James Nguen

My name is James Nguen. We are actually performing a cultural show to welcome Emmanuel Jal. This is on a community basis. We would like to appreciate Emmanuel Jal for what he is doing, for us to show that happiness and appreciation, we just want to give him a real cultural show, so that he knows what he is doing around the world for our people, that our people are there.

 

CULTURAL SHOW - Traditional Nuer Dance

 

Saima Jamal

Next, we have another lost boy here for you, this is Paul Gaulak. Paul is the General Secretary of the South Sudanese Community Association.

 

Paul Gaulak

Emmanuel Jal is a great brother. He’s a great friend. We started out several years ago. I came to know him in the 90s, that’s how we came to know each other when he was already rescued and he was in Nairobi. Emmanuel Jal like many lost boys who are here today, has gone through a lot. I was in a separate location and he was in a different location at the time of our ordeals.

Emmanuel Jal went through all of the suffering that you can imagine. All that you’ve been reading about from the internet, from the TV, and everywhere, Emmanuel Jal has gone through that. I am so glad that he is able to sing, he is able to put that into his music, he is able to sing. He is able to tell us. He has traveled to many places.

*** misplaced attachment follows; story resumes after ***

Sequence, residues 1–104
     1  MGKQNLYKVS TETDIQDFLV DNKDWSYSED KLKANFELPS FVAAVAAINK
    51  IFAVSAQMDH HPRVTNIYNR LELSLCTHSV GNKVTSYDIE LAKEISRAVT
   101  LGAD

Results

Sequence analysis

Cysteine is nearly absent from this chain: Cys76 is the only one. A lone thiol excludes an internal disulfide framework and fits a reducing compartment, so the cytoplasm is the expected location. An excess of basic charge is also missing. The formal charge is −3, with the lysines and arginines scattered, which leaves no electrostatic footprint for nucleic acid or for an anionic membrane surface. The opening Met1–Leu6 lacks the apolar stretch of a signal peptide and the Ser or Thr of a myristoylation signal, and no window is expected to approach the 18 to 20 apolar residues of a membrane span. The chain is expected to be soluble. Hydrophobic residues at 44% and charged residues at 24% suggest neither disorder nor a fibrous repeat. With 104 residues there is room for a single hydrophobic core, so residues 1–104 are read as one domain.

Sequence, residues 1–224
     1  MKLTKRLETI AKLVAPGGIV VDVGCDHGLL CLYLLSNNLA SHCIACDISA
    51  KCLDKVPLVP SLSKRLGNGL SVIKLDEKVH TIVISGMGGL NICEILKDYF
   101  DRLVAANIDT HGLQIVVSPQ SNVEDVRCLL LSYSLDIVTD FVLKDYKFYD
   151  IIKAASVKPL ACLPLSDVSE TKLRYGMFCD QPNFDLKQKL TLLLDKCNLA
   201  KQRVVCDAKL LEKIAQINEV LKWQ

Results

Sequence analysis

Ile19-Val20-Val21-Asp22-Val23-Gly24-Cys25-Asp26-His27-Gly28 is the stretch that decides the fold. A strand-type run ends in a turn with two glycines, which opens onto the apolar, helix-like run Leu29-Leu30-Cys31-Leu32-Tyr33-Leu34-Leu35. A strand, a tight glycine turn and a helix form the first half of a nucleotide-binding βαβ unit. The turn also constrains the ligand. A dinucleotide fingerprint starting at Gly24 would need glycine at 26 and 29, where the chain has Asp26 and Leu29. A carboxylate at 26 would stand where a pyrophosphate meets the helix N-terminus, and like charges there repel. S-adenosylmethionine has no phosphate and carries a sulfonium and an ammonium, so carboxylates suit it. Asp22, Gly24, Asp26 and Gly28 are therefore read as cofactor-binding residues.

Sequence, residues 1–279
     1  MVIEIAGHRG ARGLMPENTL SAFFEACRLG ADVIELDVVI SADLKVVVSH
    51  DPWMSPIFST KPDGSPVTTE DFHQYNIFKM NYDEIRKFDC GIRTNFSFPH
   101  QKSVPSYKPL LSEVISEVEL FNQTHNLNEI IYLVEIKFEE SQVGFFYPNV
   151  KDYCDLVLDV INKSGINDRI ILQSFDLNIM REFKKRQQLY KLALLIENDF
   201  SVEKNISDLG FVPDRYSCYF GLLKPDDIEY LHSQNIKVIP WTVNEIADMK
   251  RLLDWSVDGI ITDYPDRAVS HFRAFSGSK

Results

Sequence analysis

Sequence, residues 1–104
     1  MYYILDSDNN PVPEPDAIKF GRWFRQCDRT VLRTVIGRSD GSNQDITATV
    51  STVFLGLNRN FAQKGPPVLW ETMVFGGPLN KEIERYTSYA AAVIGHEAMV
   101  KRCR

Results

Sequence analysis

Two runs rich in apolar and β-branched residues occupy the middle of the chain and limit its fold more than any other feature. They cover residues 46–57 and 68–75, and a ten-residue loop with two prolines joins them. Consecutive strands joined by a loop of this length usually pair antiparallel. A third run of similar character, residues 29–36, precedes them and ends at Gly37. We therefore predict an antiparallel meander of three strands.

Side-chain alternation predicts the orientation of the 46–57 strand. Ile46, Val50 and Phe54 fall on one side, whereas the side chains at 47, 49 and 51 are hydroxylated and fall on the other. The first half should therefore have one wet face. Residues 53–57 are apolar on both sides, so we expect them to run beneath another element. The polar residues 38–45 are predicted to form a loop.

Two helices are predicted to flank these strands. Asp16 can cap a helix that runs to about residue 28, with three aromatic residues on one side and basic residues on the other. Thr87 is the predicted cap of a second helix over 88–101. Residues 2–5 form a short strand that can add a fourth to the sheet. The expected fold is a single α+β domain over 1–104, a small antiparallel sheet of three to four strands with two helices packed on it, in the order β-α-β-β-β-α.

He is a great contributor of peace today, because the world has actually known about South Sudan, the suffering of South Sudanese people, through his music, through his talks, at the UN, in Geneva, Live Aid performances, Nelson Mandela birthday celebrations, all those places. Emmanuel has gone through all of that. I am honored to be with him tonight.

 

Emmanuel Jal

Thank you. Thank you for those who have been here tonight. I enjoyed our traditional dance. It’s good that I didn’t forget how it used to be done. Okay first, I don’t even know how to beginning. Two events to support my work. I find the peace award to be something really encouraging. Today I’m supposed to give a talk.

A lot of you now are wondering why I’m saying “We want peace.” Basically now somebody in Syria, or somebody in Palestine, or in Southern Kordafan now or Nuba Mountain would understand what I’m talking about. So, I’m supposed to share my experience with you.

I was born in the most difficult time, my country was at war in the 80s. And mostly I just travel to share my experiences for social-emotional learning, to get people to empathize or to put a spotlight in a dark place, because I believe when you put a spotlight on a dark place, the evil will perform less.